You might think that all cariocas support the changes taking place in their city. Or you might think that the people who say they support them are lying, and nothing is really changing at all.
In fact, the transformation of Rio is an agglomeration of forces, pushing and pulling in the direction of the North Zone, towards the military police, to the paramilitary gangs, to the Olympic Committee, to the suburbs, the druglords large and small, the South Zone, downtown, politicians, favela residents, bus fleet owners, the civil police, to the real estate moguls, NGOs, elites, arms traffickers, government officials, oil businesses, construction companies, the new middle class, the traditional middle class, the port, the West Zone… and we’re all of us in the midst, where it often feels as though we’ll end up in the East Zone– the frothy Atlantic, levando caixote (getting pulled under by a wave).
One day, a state legislator and his family are forced into a brief exile by militia squad death threats. Another, elite military police meet with favela residents and actually listen to their complaints, promising to work to end police abuse. One day, a downtown restaurant’s undetected illegal gas hookup kills four people— on the same square where city officials had just removed unsightly fencing in a bid to beautify the city and improve access.
One day the Rio state government is suppporting sophisticated cultural events in the Complexo do Alemão, another, the army is conducting house-to-house searches and using a sound system to tell residents to stay indoors. Yet another day, a judge rules they can’t do this.
But Sunday, one coordinate was made deafeningly clear: Rio’s funk music is a cultural phenomenon to be taken seriously.
Downtown from ten a.m. to eight p.m., on nine competing mini-stages strung along Rua da Carioca and culminating at the Largo da Carioca, separated by walls of speakers, DJs and MCs shook the very entrails of a crowd estimated by organizers at up to 150,000.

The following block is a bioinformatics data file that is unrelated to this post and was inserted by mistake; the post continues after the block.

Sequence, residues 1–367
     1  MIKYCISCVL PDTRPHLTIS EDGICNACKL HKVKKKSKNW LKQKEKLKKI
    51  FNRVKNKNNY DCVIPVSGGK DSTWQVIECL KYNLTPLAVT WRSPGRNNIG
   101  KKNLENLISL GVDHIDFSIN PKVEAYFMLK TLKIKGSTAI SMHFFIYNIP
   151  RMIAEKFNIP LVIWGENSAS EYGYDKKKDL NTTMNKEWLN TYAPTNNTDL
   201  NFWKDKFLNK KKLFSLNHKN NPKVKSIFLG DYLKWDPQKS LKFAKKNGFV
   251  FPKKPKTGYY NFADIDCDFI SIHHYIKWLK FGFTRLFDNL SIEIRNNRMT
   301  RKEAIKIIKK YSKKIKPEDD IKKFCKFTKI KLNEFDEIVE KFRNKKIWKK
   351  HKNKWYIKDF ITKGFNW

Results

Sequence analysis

“It’s all about the beat,” said one partygoer, frosty beer can in hand.
Funk carioca, as this music is known, made it out of favelas into the New Yorker magazine back in 2005 and onto the stage of the Circo Voador in 2008, and also earlier this year. But from the birth of this unmistakeable beat in the 1980s to Sunday’s gyration of hips and butts in the streets of downtown Rio, decades have passed.
Samba– banned in the early 20th century, took a similar route down Rio’s hills to open public spaces such as Praça Onze. Some historians say Getúlio Vargas organized its performance to co-opt the poor. Notably, Vargas razed Praça Onze in the 1940s, to build the avenue named after himself. Samba lived to become Brazil’s national music.
Although it has a warm place in the hearts of international DJs and is on the sound track of Elite Squad 2, funk carioca isn’t fully accepted here. Because favela drug traffickers traditionally hold giant bailes funk, or funk dances, to show off their power and keep their constituencies entertained, the pacification police have tended to ban them or shut them down much earlier than the usual six or seven a.m. cutoff. Some funk music, proibidão (prohibited), exalts drugs, drug traffickers, and weapons. And a lot of the lyrics, plus the dancing, could easily best the Kama Sutra.
Nevertheless, the Rio de Janeiro State Culture Secretariat allowed tax breaks for the event and spent an outright US$ 41,000 equivalent, on the main stage. The state recently announced it would fund the production and documentation of funk music, as part of a new policy valuing popular culture.
The venue, Largo da Carioca, is no more and no less than the heart of Rio de Janeiro, harking back to the 17th century. It’s a metro stop and a weekday pedestrian crossroads for those who work in downtown offices.
“The importance of this event is that it simply states that funk is the most legitimate and productive front of carioca culture in the 21st century,” says Fred Coelho, blogger, DJ and literature professor.
Like samba, funk describes daily reality– in addition to sex, love; the street, race, poverty.
É som de preto (It’s the sound of blacks)
De favelado (Of favela people)
Demoro (Oh yeah)
Mas quando toca ninguém fica parado (But when it plays no one can stay still)– Amilka and Chocolate
Sunday’s legitimation of funk carioca is part of a larger trend, whereby Brazilian society is slowly becoming more inclusive and egalitarian.
And of course, every action brings a reaction.
“The Parada Funk brings to the surface prejudices and conservative ideas that were latent in public opinion, about the esthetic production of young, black and poor city residents,” says Coelho.
And so it is that one day, Rio’s most influential newspaper, O Globo, gave prime space to the Parada Funk, on the front of its arts section, the Segundo Caderno, noting that the organizer is a grandson of the famous poet Ferreira Gullar. And on the next, the paper’s slim coverage was headlined “In the Largo da Carioca, signs of disorder in the beat of the Parada Funk: party had irregular parking and people urinating in the streets”.
Here is a recent gripping first-person description by Claudia Zmbrana of a baile funk in English, with lots of background about this music.